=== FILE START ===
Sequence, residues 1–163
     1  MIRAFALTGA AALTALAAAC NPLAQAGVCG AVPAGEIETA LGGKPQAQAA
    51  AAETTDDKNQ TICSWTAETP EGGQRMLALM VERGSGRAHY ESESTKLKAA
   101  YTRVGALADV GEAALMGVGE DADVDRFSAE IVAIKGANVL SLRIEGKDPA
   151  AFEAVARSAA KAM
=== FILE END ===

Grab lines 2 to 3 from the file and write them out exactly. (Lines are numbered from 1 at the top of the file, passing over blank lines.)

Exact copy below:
     1  MIRAFALTGA AALTALAAAC NPLAQAGVCG AVPAGEIETA LGGKPQAQAA
    51  AAETTDDKNQ TICSWTAETP EGGQRMLALM VERGSGRAHY ESESTKLKAA